Sweeney Todd | Theater Critic's Choice | Chicago Reader

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Sweeney Todd


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Stephen Sondheim's Grand Guignol musical, which tells the story of a vengeful 19th-century London barber who hacks his enemies into pieces and stuffs them into meat pies, is widely regarded as one of the composer and lyricist's finest works. Until recently, however, Todd wasn't performed in major opera houses. Excuses have been offered, some valid, some not. It's true that not all the parts were written with operatic voices in mind--Angela Lansbury croaked her way through the part of Todd's accomplice, Mrs. Lovett, in the initial run. But complaints about subpar orchestrations are unfair to Sondheim's collaborator Jonathan Tunick, and anyone who insists that the story's juxtaposition of serial killing and tender love is too tawdry for operagoers has apparently never seen Tosca or Rigoletto. Lyric Opera presents Todd for the first time as part of its American Horizons initiative, a concerted effort to correct the opera world's Eurocentric bias--which is behind at least some of the criticism of the work. Lyric has gone all out for this production, securing a top-notch cast that includes Welsh bass-baritone Bryn Terfel (Todd), up-and-coming baritone Nathan Gunn (Anthony Hope, the sailor who falls in love with Todd's daughter), bass-baritone Timothy Nolen (the villainous Judge Turpin), mezzo-soprano Judith Christin (Mrs. Lovett), and soprano Sheri Greenawald (the beggar woman who holds the key to Todd's past). It should be nice to hear the psychologically revealing (and often sardonic) songs performed by trained voices capable of broad range and dramatic nuance. The director is the inventive Australian Neil Armfield, whose career got a boost down under with a Hamlet starring Geoffrey Rush and Cate Blanchett, and who moves with ease between opera and theater. Lyric has also engaged Paul Gemignani, the conductor at Todd's world premiere almost a quarter century ago. This production runs through December 22. Monday, November 18, 7 PM, Thursday, November 21, 2 PM, and Saturday, November 23, 7:30 PM, Civic Opera House, 20 N. Wacker; 312-332-2244.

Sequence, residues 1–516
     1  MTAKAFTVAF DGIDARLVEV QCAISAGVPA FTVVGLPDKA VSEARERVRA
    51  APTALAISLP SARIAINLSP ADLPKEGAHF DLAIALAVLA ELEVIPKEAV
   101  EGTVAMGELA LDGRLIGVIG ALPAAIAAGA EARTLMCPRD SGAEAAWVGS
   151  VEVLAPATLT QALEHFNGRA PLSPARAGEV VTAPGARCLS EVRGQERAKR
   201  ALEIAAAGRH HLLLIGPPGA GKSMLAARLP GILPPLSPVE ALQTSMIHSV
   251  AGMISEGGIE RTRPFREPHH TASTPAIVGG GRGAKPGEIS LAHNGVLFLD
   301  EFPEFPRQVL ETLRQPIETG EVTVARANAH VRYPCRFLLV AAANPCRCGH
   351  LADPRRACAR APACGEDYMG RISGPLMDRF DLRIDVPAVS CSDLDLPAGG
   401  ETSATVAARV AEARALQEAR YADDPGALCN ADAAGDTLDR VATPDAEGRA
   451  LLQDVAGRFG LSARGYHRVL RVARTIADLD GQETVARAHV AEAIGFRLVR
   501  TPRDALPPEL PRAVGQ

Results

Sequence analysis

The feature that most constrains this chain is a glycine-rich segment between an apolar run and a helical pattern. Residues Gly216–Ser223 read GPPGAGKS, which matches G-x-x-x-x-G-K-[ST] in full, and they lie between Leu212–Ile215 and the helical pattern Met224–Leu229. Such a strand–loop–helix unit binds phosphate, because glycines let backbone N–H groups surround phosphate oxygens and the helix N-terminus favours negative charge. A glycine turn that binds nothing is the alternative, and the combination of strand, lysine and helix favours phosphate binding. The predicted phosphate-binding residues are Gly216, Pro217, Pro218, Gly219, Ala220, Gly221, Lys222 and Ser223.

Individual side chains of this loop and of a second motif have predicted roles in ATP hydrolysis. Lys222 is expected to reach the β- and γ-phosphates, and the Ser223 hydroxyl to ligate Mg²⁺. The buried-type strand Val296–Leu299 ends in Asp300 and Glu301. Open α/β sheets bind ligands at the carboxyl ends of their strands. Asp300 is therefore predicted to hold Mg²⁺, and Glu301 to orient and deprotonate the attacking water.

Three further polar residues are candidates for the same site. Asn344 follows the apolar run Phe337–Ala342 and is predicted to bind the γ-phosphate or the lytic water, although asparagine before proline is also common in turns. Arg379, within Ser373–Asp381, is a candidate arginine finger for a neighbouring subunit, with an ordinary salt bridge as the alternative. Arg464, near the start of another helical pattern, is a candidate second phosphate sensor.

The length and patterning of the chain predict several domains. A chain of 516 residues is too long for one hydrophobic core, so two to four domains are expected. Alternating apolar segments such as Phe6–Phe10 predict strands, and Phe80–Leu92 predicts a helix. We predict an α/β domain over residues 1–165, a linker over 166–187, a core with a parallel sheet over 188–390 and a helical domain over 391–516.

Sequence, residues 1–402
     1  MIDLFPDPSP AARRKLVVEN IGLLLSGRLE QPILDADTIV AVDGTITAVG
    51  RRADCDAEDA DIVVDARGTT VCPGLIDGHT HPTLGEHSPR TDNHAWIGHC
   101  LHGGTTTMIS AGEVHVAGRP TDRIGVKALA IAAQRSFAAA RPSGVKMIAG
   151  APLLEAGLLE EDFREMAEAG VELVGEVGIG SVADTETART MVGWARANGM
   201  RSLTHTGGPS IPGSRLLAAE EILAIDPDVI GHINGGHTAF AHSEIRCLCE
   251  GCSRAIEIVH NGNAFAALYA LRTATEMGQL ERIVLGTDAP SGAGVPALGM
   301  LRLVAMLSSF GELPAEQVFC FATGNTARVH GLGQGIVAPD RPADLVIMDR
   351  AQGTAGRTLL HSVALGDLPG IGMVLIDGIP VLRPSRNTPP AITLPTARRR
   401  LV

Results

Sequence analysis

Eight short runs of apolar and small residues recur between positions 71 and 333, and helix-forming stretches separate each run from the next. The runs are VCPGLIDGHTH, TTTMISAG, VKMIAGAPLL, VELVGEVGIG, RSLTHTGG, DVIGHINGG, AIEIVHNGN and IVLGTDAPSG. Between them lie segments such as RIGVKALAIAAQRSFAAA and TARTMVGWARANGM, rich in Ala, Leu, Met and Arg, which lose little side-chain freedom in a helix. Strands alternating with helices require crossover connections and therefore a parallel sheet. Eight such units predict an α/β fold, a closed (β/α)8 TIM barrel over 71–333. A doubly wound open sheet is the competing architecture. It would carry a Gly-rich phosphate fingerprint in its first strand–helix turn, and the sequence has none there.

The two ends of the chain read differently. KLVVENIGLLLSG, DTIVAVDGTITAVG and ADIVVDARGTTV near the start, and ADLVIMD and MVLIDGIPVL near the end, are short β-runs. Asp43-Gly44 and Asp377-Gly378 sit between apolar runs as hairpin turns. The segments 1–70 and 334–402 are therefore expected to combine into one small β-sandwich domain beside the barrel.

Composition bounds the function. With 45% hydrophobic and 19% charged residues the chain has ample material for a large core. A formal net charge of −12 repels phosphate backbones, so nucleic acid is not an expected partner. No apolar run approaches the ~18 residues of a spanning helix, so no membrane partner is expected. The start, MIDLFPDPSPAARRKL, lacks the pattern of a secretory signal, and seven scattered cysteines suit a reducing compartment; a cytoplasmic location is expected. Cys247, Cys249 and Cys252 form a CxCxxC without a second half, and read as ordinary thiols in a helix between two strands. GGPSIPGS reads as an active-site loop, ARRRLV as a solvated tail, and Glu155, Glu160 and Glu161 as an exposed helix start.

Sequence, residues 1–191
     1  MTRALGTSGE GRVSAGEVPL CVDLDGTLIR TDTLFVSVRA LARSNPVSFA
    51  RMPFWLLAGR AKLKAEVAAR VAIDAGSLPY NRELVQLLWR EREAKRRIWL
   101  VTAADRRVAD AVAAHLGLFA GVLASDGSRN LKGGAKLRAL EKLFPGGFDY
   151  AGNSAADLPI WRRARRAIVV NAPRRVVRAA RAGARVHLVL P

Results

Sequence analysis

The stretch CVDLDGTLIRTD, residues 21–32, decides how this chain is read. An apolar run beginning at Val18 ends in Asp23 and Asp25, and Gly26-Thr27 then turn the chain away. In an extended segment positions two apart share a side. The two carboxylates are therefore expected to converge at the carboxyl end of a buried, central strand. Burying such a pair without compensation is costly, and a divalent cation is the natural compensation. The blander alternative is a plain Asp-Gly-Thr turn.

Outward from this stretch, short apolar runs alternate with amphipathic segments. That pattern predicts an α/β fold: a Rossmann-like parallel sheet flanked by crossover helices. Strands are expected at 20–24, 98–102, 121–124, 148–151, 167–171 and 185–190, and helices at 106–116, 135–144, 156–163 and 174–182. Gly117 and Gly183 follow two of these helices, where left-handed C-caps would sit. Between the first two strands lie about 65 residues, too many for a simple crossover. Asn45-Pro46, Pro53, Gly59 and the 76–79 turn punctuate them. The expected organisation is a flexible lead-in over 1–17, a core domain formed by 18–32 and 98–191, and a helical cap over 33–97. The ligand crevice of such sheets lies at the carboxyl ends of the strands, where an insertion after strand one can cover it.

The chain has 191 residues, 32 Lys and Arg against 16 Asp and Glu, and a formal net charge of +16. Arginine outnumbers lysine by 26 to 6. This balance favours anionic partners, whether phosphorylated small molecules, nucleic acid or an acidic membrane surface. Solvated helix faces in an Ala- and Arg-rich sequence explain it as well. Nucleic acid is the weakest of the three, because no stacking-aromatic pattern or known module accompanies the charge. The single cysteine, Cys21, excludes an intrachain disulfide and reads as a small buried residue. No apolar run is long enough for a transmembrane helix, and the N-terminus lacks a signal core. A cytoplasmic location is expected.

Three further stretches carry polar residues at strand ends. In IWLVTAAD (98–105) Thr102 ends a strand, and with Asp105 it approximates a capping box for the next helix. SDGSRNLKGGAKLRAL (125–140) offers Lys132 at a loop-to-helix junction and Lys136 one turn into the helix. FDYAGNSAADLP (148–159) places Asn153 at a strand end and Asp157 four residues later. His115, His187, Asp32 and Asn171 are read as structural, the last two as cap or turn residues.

Art accompanying story in printed newspaper (not available in this archive): photo/Lisa Kohler.

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